Social Ontology and Varieties of Interpretation: A Hermeneutic Critique of Searle
The essay probes the limits of social ontology as a grounding project for interpretation and explanation in the social sciences. The argument proceeds by challenging the exemplary and influential ontology of John Searle by means of Jim Bohman’s hermeneutic approach. While both share the interest in establishing the validity basis of social-scientific claims, Bohman reconstructs in this regard the situated standpoint of the hermeneutic interpreter, in contrast to Searle’s building block approach to social reality. A careful analysis of Bohman’s argumentation reveals the need for differentiating a variety of interpretive stances, which leads back to important revisions of the intentionality-based social ontology of Searle. The discussion results in the need to ground methodological pluralism in a universal hermeneutics of interpretive capabilities to safeguard the social sciences against relativistic as well as metaphysical challenges.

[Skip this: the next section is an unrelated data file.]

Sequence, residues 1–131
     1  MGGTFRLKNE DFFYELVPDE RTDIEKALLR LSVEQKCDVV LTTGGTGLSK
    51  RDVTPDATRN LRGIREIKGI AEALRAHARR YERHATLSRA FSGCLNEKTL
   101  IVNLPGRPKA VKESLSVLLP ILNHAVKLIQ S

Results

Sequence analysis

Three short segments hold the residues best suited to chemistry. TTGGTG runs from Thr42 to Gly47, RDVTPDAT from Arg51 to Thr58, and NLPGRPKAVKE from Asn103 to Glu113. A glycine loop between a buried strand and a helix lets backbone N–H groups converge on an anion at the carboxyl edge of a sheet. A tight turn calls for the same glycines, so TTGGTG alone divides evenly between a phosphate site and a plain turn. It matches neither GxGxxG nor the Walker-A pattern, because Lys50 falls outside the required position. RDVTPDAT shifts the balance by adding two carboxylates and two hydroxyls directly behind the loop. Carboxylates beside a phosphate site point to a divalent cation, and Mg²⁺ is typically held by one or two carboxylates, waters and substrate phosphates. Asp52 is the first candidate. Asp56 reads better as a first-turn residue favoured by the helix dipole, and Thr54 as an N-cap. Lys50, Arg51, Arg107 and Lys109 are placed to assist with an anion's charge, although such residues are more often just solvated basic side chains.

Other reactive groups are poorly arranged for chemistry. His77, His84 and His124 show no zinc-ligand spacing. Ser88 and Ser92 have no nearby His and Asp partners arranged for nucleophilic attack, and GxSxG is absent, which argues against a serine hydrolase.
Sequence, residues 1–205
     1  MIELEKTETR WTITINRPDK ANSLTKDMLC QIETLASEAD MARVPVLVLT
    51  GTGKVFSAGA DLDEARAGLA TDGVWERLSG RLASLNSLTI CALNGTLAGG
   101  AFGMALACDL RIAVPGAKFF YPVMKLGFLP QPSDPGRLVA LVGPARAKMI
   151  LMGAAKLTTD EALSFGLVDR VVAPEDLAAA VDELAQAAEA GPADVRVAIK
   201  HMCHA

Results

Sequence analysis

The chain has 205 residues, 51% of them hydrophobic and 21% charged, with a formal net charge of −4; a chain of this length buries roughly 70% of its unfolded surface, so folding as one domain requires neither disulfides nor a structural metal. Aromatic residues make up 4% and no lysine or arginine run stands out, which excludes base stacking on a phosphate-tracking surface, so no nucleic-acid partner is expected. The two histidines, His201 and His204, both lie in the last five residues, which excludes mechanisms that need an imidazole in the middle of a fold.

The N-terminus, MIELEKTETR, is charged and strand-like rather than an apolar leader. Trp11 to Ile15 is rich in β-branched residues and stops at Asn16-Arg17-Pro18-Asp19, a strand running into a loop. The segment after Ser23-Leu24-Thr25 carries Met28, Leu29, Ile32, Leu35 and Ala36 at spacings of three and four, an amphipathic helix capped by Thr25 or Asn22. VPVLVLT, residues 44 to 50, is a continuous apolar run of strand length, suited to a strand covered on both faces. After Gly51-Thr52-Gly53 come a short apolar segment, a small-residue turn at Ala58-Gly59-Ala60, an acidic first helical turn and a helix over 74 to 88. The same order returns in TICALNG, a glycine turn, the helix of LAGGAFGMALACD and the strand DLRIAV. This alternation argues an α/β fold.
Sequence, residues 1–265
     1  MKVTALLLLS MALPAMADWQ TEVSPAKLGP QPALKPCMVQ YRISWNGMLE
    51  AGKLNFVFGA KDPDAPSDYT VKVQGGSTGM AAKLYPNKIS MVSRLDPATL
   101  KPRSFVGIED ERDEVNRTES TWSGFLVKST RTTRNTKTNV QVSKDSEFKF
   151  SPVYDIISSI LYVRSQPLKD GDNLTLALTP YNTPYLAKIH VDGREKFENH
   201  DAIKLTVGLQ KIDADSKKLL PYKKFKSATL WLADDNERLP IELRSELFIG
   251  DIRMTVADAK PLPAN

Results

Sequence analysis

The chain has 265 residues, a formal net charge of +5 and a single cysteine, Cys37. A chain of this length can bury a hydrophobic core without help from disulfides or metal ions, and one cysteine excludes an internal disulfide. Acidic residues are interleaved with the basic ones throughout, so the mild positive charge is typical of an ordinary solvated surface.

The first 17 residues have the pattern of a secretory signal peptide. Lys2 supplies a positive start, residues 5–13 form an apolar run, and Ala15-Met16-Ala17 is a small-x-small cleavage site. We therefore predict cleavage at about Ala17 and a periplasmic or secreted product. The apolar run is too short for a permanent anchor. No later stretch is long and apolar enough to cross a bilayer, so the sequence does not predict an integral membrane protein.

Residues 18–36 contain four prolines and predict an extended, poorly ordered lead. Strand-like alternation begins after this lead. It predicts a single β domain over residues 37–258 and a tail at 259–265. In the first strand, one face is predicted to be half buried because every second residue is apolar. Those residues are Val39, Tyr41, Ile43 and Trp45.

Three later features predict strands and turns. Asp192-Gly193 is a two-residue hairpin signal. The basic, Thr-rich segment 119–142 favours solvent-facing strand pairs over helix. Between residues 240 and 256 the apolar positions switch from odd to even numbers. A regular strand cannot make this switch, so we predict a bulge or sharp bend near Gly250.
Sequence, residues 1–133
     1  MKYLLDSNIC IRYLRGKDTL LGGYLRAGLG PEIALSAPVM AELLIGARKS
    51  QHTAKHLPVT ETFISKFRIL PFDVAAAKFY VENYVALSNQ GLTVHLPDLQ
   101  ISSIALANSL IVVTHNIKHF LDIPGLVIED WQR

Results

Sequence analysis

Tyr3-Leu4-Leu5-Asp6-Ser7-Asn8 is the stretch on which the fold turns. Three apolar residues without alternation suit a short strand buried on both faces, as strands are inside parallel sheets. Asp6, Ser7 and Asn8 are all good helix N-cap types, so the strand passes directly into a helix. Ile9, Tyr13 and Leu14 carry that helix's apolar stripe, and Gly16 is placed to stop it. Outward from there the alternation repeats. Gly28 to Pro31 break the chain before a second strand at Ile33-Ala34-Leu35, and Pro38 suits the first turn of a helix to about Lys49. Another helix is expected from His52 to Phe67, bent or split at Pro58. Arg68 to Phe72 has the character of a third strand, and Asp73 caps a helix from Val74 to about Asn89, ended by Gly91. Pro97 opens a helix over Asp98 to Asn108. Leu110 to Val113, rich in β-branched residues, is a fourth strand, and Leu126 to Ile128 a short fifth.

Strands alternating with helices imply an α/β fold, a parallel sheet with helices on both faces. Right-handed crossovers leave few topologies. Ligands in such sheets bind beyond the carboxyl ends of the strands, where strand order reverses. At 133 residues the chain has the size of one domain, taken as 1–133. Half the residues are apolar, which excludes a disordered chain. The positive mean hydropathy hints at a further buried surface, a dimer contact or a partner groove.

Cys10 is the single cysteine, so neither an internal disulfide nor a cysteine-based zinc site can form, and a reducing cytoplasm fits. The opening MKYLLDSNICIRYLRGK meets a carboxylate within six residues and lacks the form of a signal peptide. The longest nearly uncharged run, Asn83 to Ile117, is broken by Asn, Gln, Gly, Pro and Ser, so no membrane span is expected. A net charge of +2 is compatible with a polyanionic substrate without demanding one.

Philosophy of the Social Sciences
Digital Object Identifier (DOI)
Kögler. (2018). Social Ontology and Varieties of Interpretation: A Hermeneutic Critique of Searle. Philosophy of the Social Sciences, 48(2), 192–217. https://doi.org/10.1177/0048393117742336